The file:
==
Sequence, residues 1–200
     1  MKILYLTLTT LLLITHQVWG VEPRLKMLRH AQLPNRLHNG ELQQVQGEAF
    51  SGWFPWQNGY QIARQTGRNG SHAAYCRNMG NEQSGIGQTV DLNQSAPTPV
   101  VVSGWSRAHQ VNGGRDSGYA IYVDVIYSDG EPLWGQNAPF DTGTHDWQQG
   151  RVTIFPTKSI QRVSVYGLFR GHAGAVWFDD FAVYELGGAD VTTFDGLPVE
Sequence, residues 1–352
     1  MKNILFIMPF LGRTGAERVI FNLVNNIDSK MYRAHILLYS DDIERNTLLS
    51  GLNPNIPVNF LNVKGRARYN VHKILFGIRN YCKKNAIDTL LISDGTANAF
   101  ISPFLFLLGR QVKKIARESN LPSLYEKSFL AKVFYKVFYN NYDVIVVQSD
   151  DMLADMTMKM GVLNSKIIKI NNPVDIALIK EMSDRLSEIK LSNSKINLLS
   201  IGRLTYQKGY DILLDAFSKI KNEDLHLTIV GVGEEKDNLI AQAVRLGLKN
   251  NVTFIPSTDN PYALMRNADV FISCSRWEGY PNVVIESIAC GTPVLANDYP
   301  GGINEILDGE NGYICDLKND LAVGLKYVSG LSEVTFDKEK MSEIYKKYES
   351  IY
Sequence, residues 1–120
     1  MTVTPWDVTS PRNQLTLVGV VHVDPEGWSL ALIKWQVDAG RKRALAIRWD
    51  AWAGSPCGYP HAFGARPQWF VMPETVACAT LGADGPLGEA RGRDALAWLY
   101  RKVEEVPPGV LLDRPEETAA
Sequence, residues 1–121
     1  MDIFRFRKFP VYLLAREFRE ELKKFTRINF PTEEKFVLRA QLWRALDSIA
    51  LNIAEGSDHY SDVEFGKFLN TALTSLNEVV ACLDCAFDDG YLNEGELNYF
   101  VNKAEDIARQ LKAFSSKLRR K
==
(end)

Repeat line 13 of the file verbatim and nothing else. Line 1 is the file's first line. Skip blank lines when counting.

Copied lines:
   301  GGINEILDGE NGYICDLKND LAVGLKYVSG LSEVTFDKEK MSEIYKKYES